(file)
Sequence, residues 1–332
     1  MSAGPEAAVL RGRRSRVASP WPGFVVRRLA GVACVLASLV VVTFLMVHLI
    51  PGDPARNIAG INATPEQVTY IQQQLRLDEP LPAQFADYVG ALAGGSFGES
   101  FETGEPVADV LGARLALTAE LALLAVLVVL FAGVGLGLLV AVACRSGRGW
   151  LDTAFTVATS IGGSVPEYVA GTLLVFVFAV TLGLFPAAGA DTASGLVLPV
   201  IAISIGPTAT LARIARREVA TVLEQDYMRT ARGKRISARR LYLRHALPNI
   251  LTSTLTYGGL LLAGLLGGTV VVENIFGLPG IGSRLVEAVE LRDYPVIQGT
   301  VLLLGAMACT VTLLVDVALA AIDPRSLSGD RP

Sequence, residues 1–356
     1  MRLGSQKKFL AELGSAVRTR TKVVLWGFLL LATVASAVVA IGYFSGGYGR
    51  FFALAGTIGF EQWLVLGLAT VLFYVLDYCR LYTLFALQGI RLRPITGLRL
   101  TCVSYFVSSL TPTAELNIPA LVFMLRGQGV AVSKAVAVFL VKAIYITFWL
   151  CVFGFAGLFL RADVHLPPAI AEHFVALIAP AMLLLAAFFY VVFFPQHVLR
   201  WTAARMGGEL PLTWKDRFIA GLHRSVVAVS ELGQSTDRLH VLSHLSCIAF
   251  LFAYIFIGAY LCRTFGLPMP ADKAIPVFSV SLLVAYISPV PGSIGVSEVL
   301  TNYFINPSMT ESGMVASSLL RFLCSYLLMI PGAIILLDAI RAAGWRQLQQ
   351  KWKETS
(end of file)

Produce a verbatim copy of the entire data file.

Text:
Sequence, residues 1–332
     1  MSAGPEAAVL RGRRSRVASP WPGFVVRRLA GVACVLASLV VVTFLMVHLI
    51  PGDPARNIAG INATPEQVTY IQQQLRLDEP LPAQFADYVG ALAGGSFGES
   101  FETGEPVADV LGARLALTAE LALLAVLVVL FAGVGLGLLV AVACRSGRGW
   151  LDTAFTVATS IGGSVPEYVA GTLLVFVFAV TLGLFPAAGA DTASGLVLPV
   201  IAISIGPTAT LARIARREVA TVLEQDYMRT ARGKRISARR LYLRHALPNI
   251  LTSTLTYGGL LLAGLLGGTV VVENIFGLPG IGSRLVEAVE LRDYPVIQGT
   301  VLLLGAMACT VTLLVDVALA AIDPRSLSGD RP

Sequence, residues 1–356
     1  MRLGSQKKFL AELGSAVRTR TKVVLWGFLL LATVASAVVA IGYFSGGYGR
    51  FFALAGTIGF EQWLVLGLAT VLFYVLDYCR LYTLFALQGI RLRPITGLRL
   101  TCVSYFVSSL TPTAELNIPA LVFMLRGQGV AVSKAVAVFL VKAIYITFWL
   151  CVFGFAGLFL RADVHLPPAI AEHFVALIAP AMLLLAAFFY VVFFPQHVLR
   201  WTAARMGGEL PLTWKDRFIA GLHRSVVAVS ELGQSTDRLH VLSHLSCIAF
   251  LFAYIFIGAY LCRTFGLPMP ADKAIPVFSV SLLVAYISPV PGSIGVSEVL
   301  TNYFINPSMT ESGMVASSLL RFLCSYLLMI PGAIILLDAI RAAGWRQLQQ
   351  KWKETS